7. It is found that on 1.8.2002, an agreement was entered into between the applicant and the third respondent whereby debentures for a value of Rs.15 crores were issued to the third respondent. On 21.3.2003, the second respondent and the third respondent have entered into a joint compromise before the Debts Recovery Tribunal in the proceedings initiated by the second respondent for recovery of dues from the third respondent. The first respondent has produced bank statements evidencing the advances made by the first respondent to the third respondent in the month of April 2003. The resolution passed by the first respondent on 23.4.2003 would go to show that it decided to acquire Rs.6,25,000 debentures from the third respondent at a discounted rate of Rs.90/= per debenture out of the total of 15,00,000 debentures purchased by the third respondent from the applicant. On 13.10.2004, the third respondent made a in compliance with the terms of the compromise it entered into with the second respondent before the Debts Recovery Tribunal and as a result of which as per the request of the second respondent, the very same 6,25,000 debentures bearing distinctive numbers transferred by the third respondent to the first respondent were attached by the fifth respondent. On 11.7.2005, it appears that the second respondent filed a memo before the Recovery Officer, the fifth respondent seeking a direction to the third respondent to surrender the attached debentures. It has also prayed for a direction to the applicant to issue duplicate debentures within 15 days on failure of the third respondent to surrender the attached debentures. The fifth respondent has passed an order on the next day viz., 12.7.2005 for issuance of duplicate debentures without any notice to the third respondent. Only on being informed by the Company called Mercury Fund Management Company Limited which clinched a deal with the first respondent to purchase the debentures available with it the first respondent has come to know that the Debts Recovery Tribunal had already attached the debentures.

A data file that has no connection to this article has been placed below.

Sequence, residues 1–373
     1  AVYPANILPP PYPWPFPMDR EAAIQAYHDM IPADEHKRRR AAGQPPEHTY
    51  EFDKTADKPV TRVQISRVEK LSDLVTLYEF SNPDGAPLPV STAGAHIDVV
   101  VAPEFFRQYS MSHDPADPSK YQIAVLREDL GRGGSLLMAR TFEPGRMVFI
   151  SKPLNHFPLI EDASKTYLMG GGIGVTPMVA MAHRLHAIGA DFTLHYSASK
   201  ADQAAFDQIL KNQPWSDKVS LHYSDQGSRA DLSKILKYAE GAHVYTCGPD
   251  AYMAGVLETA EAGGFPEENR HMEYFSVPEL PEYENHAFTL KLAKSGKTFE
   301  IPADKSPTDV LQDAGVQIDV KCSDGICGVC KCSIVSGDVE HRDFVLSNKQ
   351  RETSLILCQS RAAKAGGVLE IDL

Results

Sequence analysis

8. It is to be noted that though fifteen days time was granted to the third respondent to surrender the attached debentures, quite unfortunately, the Recovery Officer has chosen to pass yet another order the next day itself directing the applicant to issue duplicate debentures. As rightly pointed out by the learned counsel appearing for the first respondent, it is nobody's case that the debentures were lost. It is also found that the third respondent was not given any notice while an order of issuance of duplicate debentures was passed by the Recovery Officer. If at all the third defendant has not obliged by surrendering the attached debentures, coercive steps should have been taken by the Recovery Officer. Prima face it has been shown by the first respondent that an order has been passed hurriedly by the Recovery Officer without issuing notice to the third respondent and also without waiting for completion of the 15 days time he has already given to the third respondent.